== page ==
Heavy Metal Philosopher – when Ann talked to Oscar Carlquist, of RAM

In the world of music, there are often two camps of thought – those who have got something to say, and those who just want the attention. It’s obvious that both can easily conflict with one another, and even in the “outside” sphere of rock and heavy metal this is an issue.

So it was interesting to play the latest record from Swedish heavy metallers RAM, and then read the comments of vocalist/lyricist Oscar Carlquist in an issue of Zero Tolerance, where he speaks highly about bands having a responsibility for what they say, and what they mean.

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Me(n)tal-Meltdown – in NORWAY!

 

After unexpected delays due to a head cold and the ‘flu, the latest episode of the Me(n)tal-Meltdown show is finally up and running!


Me(n)tal-Meltdown – the NORWAY edition!

 

It’s the return of the Me(n)tal-Meltdown show – and we’re bringing you an episode EXCLUSIVELY dedicated to the Norwegian scene! Featuring music from Cor Scorpii, Vesen, Aura Noir, Borknagar and more, plus a couple of inside voices, this is going to be a VERY special episode from presenter/host K. Ann Sulaiman – even while she’s under the weather!

Ahab and “The Giant”

Austrian act Ahab, otherwise referred to as “nautical funeral doom”, have recently released a teaser for their upcoming album in May.

Funeral doom, a unique form of extreme music,┬áis a genre that appeals to me because it delivers its intensity through being incredibly slow as opposed to absurdly fast. Since Ahab is regarded (with good reason) as one of the best bands that follow this style, to say that I’m excited is really an understatement. The best way to approach one of their albums, let alone a funeral doom metal album really, is with the lights switched off and the curtains drawn (everything has to be pitch black). Then you need to empty your mind of all thought whatsoever, so that you are ready for when the opening chords weigh in to the point of literally crushing you down.

It sounds romantic (and perhaps sadly pretentious), but it’s a suggestion. Think of it like turning off all the lights and keep your door locked, so you can listen to a radio play or audiobook of a horror story. Distracted, you won’t feel it, but mind emptied and thoughts left at the door, you’re more ready to embrace the impact of what’s to come even if it’s not what you were hoping for.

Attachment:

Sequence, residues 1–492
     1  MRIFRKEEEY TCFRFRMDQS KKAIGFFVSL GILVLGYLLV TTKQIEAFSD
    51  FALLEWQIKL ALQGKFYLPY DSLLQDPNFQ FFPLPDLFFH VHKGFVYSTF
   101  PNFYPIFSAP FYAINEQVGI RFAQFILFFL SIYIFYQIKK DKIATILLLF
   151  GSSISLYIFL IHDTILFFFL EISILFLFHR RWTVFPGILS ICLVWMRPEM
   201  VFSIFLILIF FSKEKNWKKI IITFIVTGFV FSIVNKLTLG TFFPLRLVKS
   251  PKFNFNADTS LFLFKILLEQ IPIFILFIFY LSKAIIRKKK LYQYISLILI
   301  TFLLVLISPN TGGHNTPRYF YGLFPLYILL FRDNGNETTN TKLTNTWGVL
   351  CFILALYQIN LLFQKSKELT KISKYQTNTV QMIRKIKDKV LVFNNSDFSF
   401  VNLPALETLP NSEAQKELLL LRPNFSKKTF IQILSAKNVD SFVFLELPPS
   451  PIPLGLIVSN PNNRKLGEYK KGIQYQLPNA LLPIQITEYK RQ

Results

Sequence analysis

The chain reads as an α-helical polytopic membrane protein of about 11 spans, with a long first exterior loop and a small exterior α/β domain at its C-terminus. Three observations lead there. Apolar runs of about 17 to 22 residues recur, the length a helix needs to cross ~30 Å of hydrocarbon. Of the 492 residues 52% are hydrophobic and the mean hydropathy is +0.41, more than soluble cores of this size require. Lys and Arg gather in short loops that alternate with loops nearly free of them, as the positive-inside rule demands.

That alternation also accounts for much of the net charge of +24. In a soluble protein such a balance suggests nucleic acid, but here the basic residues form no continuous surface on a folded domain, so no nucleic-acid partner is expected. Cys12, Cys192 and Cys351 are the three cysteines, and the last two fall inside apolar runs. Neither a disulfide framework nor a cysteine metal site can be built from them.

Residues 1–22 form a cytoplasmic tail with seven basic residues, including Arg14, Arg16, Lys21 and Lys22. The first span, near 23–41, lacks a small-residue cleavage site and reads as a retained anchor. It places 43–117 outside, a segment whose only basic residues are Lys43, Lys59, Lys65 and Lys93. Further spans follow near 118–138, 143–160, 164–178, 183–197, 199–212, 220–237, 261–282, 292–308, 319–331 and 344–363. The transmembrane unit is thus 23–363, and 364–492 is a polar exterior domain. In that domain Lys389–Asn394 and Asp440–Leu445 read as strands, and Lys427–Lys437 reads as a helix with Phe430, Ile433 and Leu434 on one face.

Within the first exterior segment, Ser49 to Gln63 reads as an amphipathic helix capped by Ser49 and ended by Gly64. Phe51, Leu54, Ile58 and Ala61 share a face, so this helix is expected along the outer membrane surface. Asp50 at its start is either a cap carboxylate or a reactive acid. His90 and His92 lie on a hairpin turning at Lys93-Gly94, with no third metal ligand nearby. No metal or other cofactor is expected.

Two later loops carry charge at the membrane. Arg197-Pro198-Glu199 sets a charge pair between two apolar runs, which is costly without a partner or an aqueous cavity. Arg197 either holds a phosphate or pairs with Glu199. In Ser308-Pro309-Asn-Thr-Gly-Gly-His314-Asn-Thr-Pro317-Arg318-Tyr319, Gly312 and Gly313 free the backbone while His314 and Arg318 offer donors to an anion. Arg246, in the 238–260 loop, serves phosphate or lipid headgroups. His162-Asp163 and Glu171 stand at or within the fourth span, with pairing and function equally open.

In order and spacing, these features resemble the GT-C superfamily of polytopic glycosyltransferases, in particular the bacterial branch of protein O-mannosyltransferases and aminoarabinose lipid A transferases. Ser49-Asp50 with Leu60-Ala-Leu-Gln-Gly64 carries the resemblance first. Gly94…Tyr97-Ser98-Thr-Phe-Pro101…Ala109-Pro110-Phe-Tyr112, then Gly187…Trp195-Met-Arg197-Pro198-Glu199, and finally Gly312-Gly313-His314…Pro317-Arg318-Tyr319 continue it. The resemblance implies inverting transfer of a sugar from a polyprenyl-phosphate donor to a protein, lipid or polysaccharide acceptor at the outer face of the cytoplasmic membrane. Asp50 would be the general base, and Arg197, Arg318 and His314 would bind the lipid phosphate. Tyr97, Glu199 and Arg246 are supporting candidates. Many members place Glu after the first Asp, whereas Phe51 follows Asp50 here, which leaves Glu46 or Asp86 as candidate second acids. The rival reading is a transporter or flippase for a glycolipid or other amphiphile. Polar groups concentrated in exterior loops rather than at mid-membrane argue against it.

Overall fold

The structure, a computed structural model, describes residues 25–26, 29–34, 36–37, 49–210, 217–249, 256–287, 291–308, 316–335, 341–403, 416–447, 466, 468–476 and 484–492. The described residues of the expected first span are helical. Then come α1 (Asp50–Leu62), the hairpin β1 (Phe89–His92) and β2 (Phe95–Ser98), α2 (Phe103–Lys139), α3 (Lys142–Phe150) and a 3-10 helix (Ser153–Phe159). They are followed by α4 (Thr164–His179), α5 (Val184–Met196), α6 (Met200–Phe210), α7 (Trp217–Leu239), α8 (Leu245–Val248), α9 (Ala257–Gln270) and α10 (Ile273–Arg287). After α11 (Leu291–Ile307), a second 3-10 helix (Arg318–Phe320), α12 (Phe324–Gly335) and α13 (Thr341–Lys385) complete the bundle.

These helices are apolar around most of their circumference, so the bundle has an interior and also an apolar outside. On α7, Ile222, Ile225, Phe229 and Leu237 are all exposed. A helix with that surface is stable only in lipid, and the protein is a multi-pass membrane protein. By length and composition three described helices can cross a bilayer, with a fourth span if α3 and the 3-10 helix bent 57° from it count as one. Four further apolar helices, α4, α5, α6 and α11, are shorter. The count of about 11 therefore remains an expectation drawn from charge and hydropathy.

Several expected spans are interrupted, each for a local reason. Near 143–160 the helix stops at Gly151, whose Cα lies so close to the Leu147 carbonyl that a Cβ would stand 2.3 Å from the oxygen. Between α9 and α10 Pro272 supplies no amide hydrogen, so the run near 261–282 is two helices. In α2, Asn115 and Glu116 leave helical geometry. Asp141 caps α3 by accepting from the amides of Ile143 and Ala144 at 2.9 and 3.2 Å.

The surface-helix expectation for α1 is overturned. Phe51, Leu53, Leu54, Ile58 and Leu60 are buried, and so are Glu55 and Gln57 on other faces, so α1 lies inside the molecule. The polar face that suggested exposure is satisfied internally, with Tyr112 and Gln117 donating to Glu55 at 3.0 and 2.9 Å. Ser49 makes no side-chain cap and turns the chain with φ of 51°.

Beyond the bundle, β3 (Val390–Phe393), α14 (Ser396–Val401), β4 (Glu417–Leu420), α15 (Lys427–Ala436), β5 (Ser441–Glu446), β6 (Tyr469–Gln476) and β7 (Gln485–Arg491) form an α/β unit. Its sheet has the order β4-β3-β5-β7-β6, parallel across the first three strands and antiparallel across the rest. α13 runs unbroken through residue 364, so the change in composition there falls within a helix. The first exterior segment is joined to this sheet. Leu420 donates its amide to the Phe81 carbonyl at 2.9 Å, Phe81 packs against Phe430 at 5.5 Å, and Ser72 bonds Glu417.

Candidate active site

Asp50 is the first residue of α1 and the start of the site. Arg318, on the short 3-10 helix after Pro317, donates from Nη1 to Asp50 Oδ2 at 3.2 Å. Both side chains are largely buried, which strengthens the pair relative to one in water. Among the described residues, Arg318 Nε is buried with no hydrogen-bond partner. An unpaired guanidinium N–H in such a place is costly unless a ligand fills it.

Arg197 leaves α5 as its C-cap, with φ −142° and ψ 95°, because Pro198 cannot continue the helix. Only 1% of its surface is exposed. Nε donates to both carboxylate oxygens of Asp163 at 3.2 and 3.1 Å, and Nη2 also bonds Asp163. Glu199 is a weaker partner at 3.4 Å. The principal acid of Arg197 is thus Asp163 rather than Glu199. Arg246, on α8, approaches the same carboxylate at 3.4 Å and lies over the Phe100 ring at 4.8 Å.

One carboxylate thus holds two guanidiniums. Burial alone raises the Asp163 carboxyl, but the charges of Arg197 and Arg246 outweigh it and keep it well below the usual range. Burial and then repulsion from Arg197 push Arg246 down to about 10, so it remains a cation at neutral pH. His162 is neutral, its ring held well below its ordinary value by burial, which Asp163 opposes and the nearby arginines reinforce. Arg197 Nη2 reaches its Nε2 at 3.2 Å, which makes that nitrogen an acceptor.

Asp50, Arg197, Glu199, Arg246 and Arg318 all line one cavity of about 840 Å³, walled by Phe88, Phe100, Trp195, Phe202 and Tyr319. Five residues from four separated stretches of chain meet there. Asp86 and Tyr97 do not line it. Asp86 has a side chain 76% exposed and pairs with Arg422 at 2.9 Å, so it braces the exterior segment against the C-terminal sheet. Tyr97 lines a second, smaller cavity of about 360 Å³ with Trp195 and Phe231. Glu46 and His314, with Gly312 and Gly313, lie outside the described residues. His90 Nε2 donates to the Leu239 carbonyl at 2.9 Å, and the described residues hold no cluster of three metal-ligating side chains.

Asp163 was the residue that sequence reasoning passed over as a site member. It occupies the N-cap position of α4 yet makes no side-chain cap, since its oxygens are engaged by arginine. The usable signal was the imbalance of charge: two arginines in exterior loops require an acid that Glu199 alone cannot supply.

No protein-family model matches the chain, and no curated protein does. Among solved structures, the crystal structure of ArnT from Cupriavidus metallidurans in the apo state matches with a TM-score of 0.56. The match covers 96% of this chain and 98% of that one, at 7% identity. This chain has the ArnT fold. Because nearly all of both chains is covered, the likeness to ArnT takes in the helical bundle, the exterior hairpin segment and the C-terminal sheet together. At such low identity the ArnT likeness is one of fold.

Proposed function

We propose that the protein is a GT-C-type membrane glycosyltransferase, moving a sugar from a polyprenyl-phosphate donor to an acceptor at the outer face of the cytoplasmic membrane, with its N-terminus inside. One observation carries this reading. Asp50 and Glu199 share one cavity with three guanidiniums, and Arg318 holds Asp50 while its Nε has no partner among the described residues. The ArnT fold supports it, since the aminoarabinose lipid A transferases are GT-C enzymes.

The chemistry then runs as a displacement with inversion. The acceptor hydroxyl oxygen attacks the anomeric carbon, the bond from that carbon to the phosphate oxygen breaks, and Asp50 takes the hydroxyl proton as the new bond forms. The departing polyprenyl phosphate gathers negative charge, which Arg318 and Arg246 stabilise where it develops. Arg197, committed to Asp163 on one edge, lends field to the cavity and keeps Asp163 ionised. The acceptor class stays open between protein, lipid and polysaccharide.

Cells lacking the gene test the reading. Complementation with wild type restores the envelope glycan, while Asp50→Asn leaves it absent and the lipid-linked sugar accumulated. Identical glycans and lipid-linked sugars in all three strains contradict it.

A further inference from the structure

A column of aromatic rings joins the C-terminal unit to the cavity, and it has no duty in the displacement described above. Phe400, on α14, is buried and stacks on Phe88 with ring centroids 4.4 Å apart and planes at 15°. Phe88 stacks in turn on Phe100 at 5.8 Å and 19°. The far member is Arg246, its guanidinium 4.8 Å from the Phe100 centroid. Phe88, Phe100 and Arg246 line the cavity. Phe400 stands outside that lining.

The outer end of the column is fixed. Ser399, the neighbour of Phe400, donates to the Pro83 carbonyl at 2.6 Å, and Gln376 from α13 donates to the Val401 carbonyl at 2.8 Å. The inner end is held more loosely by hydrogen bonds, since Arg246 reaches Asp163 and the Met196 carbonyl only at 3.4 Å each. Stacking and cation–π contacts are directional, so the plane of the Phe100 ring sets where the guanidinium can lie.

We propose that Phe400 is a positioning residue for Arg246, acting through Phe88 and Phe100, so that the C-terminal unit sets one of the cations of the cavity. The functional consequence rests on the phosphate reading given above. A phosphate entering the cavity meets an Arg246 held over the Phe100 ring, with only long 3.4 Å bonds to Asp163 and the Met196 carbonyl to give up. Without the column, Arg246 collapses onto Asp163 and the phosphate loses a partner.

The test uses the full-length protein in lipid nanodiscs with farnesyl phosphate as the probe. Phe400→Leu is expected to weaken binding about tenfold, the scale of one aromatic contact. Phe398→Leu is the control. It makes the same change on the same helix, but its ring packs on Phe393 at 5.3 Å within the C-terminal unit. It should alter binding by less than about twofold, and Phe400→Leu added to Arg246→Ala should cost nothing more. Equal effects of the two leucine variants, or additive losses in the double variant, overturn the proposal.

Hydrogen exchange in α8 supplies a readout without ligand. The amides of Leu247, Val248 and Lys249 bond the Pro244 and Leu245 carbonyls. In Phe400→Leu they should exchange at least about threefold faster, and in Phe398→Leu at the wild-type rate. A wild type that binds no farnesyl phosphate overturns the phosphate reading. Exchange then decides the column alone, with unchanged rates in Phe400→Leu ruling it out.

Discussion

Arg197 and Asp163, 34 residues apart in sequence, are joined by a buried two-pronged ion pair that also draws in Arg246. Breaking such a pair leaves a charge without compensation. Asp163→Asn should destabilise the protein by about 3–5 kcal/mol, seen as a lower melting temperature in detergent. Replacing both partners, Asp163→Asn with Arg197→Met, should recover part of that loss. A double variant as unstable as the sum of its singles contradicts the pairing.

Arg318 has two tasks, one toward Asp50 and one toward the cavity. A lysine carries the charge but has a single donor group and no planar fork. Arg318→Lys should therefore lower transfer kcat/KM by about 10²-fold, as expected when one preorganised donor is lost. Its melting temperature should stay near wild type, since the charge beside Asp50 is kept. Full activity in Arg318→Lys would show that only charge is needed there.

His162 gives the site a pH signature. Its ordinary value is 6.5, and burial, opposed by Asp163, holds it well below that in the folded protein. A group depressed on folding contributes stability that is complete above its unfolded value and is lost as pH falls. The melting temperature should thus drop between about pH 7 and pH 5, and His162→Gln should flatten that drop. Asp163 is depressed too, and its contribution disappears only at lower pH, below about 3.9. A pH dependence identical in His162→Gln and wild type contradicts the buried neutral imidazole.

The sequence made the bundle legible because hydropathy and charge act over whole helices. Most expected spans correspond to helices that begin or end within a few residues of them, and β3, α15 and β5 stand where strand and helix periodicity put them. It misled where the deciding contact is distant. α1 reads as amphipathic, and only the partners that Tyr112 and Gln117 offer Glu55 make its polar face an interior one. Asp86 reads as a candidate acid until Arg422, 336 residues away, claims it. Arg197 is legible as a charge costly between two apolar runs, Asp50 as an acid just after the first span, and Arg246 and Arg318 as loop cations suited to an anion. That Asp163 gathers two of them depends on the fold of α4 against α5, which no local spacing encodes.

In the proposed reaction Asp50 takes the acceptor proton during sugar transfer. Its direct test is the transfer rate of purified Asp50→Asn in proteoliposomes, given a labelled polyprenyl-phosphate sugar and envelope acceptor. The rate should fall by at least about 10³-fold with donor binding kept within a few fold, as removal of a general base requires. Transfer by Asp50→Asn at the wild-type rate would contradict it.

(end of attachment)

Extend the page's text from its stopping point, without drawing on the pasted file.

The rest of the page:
At the same time, I am also hoping – as all music lovers do, before “the new one” comes out – that “The Giant” will typically match what I’m hoping for. Perhaps it’s cynicism talking (as usual, since I’m a negative nancy by nature), but I was surprised by the teaser that the band have put out.

 

On the one hand, it’s reassuring to know that the music doesn’t sound too far off from the established, well-written slant that appeared on Ahab’s previous record “The Divinity of Oceans” – if you’ve found something that works and works well (however you wish to read that), then please go for it the next time around. On the other, it could actually be something else – seeing moving images to the impounding guitar chords.

 

This is utterly dorky, but – outside of the live experience, putting images – any images – to slow, crushing music only takes away from the anticipation more than anything else for me. Like I said above, I prefer to empty my mind so that I can fully appreciate what the music means to me. Having pictures up there, even if it’s video footage of the recording process, only detracts from it.

I think the only solution to this problem is to start listening to teasers, blindfold.

A Taste of What’s to Come

More or less!

Normally I would shy away from posting material that I’ve done for other people to Me(n)tal-Meltdown. However, this seemed as good a time as ever to give a taste of what’s to come next week.

 

I mentioned being in Oslo for four weeks between January and February; part of the task at hand was to gather up material for an individual, five minute radio piece about the topic of our choice. Since it was Oslo and it’s clear to everyone reading this bog where some of my main interests lie, I pocked an issue which had been on my mind for a while – why metal music seems to have more acceptance by the mainstream in Norway, than in the UK where it was born.

 

The feature owes part of its success to chance – before I went to the Inferno kick off party, I met with Lazare’s (Borknagar, Solefald) brother Sindre, who was kind enough to let me record him when our conversation turned to the local scene. He comes as the second voice in the interviews after Lazare, and also brought up an interesting issue that – despite not making the final cut for this piece – I intend to bring up again in future. It was pretty funny to hear!

Voices and Stories project – “Metal Norway”


http://soundcloud.com/radioy/metal-norway

 

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